A Technical Whitepaper for Reflect Contracts

I wrote a technical whitepaper for Reflect Contracts. ↓

In short, reflect contracts are tokens that have auto-staking mechanism built in. Safemoon, Octa, Lunarswap tokens, are some examples.

I decided to write the technical paper because there wasn’t one. In fact, if you look at the program , it is very hard to read and understand. I spent some time digging it to the program, tried to understand how it works, and then finally wrote the paper.

I think there are some grammar mistakes and some of the equations may be wrong.
Any feedback is welcome! And feel free to make Pull Request!

Sneak peak:

Source code: https://github.com/REGO350/reflect-contract-doc
PDF version: https://www.keepandshare.com/doc15/24269/reflect-technical-paper-pdf-822k?da=y


Thank you for taking time to write this paper. It really helped me to understand reflect algo. On your paper, you mentioned

RFI contracts has one fundamental issue over including users into staking. The conversion rate between
t-values and r-values is calculated using equa!on (5). Here, it is excluding non-stakers out of equa!on in
order to fully reward the stakers. However, when a new user gets included into staking, the rate updates,
thereby changing all stakers balance. Using this feature, it can be used to rug-pull rewards from stakers
by including a whale.

Could you elaborate more and give an example how rug-pull can happen? Thanks

What happens is that, when you include a user to staking (exclude from excludeStaking mapping), the conversion rate between t-value and r-value changes (look at equation 5). This results in distributing the reward also to the new user because stakers balance is calculated like this: balance[user] = rOwned[user] / rate. If you include a whale (maybe dev wallet), you will be able to take most of users' reward.

I'll try to make example code when I have time.

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Thank you for taking time to write this article,
In reflect contact there is a function called reflect:

function reflect(uint256 tAmount) public {
        address sender = _msgSender();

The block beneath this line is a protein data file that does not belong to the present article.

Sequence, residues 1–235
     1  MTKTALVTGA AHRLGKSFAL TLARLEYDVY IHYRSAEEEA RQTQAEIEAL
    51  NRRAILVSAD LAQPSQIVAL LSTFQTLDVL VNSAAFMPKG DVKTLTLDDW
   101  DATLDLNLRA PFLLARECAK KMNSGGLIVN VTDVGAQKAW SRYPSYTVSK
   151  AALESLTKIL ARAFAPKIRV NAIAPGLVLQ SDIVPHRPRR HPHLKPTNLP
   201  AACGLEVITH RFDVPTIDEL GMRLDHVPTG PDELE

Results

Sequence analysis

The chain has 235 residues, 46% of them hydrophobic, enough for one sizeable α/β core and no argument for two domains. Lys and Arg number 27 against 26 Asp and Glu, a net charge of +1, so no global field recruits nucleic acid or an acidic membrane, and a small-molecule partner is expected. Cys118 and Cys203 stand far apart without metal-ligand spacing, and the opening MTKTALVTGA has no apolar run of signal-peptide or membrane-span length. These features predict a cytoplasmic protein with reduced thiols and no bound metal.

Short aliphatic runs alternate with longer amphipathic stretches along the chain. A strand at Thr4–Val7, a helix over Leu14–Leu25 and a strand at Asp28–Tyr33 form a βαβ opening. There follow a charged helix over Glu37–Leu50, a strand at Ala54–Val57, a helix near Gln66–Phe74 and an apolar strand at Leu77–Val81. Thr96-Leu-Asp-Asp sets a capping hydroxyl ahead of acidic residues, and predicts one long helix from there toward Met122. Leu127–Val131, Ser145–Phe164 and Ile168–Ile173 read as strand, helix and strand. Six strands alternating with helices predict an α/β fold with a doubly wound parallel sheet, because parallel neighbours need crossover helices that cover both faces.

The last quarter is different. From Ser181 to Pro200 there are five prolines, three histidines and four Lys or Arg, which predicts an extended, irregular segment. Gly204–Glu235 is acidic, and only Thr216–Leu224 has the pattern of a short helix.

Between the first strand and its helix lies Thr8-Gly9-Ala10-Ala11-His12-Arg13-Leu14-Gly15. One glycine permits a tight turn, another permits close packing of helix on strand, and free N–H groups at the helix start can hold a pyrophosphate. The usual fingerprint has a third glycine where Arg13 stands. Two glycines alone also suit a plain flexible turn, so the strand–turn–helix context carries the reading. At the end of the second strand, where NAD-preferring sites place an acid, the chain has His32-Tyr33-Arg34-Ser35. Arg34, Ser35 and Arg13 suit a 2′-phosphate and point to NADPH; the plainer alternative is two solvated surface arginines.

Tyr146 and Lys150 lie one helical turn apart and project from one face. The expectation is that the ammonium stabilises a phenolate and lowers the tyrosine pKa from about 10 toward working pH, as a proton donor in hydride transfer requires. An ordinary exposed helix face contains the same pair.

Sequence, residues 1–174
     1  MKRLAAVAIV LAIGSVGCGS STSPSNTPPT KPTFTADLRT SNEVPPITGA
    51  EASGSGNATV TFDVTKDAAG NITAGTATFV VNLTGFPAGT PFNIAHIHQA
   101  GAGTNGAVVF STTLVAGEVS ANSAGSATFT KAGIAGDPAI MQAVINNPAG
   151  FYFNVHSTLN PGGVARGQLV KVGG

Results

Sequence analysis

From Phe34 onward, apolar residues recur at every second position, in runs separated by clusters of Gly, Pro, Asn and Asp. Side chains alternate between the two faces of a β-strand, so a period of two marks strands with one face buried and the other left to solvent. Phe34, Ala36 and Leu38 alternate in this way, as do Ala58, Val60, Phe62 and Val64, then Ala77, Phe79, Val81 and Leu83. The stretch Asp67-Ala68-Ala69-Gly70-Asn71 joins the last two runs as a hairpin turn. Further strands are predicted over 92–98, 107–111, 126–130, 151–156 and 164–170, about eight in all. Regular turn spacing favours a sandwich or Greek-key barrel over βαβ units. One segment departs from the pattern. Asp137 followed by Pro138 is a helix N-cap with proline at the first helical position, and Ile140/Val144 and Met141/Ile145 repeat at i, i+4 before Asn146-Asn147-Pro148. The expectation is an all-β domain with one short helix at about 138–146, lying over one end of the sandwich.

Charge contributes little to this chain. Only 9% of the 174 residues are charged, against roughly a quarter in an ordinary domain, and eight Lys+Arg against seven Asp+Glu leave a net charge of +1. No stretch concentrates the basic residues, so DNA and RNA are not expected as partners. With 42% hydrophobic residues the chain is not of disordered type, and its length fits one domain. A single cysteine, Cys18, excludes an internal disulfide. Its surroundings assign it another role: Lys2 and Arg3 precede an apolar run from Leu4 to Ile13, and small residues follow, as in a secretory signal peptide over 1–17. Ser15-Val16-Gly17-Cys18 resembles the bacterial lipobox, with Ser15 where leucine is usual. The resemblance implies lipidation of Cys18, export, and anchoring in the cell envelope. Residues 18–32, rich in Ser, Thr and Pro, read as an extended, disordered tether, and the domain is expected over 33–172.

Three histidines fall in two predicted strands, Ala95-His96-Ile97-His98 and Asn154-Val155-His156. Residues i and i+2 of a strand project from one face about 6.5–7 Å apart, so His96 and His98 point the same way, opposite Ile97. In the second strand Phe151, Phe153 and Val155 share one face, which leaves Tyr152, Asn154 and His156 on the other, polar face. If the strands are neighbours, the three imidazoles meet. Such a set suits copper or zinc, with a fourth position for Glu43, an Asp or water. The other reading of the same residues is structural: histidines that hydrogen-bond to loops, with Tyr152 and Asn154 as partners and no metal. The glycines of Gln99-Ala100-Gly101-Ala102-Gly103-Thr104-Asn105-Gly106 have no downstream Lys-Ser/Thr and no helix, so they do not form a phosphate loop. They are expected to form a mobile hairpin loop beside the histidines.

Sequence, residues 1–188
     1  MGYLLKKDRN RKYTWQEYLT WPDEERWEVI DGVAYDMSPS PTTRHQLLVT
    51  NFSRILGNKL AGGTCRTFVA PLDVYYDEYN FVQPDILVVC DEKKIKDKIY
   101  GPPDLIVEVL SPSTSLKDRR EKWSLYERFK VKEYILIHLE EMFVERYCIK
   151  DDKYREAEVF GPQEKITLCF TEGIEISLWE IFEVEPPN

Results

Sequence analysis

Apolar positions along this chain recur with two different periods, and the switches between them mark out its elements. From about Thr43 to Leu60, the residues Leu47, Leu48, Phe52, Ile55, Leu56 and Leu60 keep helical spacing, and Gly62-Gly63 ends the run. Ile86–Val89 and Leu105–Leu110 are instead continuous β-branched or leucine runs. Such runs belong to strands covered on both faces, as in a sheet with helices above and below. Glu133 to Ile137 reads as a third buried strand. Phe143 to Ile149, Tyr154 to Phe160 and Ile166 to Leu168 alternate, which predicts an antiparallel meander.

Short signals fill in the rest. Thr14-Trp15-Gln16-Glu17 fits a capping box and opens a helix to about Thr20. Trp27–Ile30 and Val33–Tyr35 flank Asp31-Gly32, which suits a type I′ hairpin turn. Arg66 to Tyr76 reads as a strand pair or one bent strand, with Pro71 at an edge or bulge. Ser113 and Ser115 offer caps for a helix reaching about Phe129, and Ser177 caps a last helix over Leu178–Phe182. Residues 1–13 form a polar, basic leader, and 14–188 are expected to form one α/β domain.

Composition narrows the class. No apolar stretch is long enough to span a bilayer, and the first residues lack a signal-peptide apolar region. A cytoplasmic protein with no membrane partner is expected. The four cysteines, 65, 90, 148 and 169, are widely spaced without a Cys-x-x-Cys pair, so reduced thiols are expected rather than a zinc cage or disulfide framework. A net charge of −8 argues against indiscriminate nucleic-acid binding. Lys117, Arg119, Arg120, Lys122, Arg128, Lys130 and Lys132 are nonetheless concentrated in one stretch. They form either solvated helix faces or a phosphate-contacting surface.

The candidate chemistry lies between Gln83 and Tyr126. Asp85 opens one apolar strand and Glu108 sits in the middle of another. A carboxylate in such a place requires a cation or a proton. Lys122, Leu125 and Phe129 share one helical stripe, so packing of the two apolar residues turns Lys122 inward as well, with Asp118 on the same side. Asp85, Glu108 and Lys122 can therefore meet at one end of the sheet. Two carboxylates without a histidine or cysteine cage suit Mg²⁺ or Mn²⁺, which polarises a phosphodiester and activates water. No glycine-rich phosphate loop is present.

require(!_isExcluded[sender], "Excluded addresses cannot call this function");
        (uint256 rAmount,,,,) = _getValues(tAmount);
        _rOwned[sender] = _rOwned[sender].sub(rAmount);
        _rTotal = _rTotal.sub(rAmount);
        _tFeeTotal = _tFeeTotal.add(tAmount);

Can you please help me to understand why they calculate _rTotal like this:

_rTotal = _rTotal.sub(rAmount);

Another question is, In your paper, You assume that tTotal is constant, What if we want to burn some portion of fees like Safemoon (I meen real burn, Not like Safemoon that transfers burn portion to the address that receives profits from transaction fees), Should we subtract burn fees from tTotal in equation no. 4?

Sorry for the late reply. @AmirHossein484

I don't really know why this function exists. Because it's not being called anywhere from the reflect contract code.
But looking at the code, it distributes tAmount of tokens to other holders from the sender.

_rTotal = _rTotal.sub(rAmount) is same as _rTotal -= rAmount, it's just that they are using safemath library. But you don't need to write it like this if you are using solidity >=0.8

If you want to burn tokens, you should also subtract from tTotal because tTotal is basically the total supply.

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Enjoyed reading your technical white paper. Trying to follow your 'Deflationary mechanism' mathematical equations. Does it prove mathematically that assigning _rTotal = _rTotal.sub(rFee) during every transfer would theoretically never reach 0?

It's not a full mathematical proof but we can assume that rTotal will never go to 0 if you look at equation (4). rTotal is always multiplied by a number that is bigger than 0 and smaller than 1.

Great contribution! Very clear and easy to understand.

POGCHAMP, Thank you mate for sharing, that whitepaper PDF version is dope

i have read your paper after spending hours studying the contract myself. It is really a great work. However, i am confused about something.
Since the rsupply is constantly decreasing at each transaction by substracting rFee, isn't the current rate eventually going to be inferior to 1 once rsupply will be below tsupply, and isn't that going to be a big issue since solidity can't handle numbers inferior to 1 and will therefore display 0? Am i missing a mathematical thing here? So isn't this type of contract limited in its life expectancy by definition?

    function _getCurrentSupply() private view returns(uint256, uint256) {
        uint256 rSupply = _rTotal;
        uint256 tSupply = _tTotal;      
        for (uint256 i = 0; i < _excluded.length; i++) {
            if (_rOwned[_excluded[i]] > rSupply || _tOwned[_excluded[i]] > tSupply) return (_rTotal, _tTotal);
            rSupply = rSupply.sub(_rOwned[_excluded[i]]);
            tSupply = tSupply.sub(_tOwned[_excluded[i]]);
        if (rSupply < _rTotal.div(_tTotal)) return (_rTotal, _tTotal);
        return (rSupply, tSupply);

i am also confused about the verifications here, making sure thatt rSupply is inferior to rTotal. divided by T.

@Yann_N From the paper, the equation rTotal = MAX − (MAX mod tTotal) is equal to MAX − (MAX − q ⋅ tTotal); where, there is a q such that (MAX - q * rTotal) is equal to the remainder from (MAX mod tTotal). This q is conditioned 1 <= q <= MAX, so the ratio is will never be inferior to 1.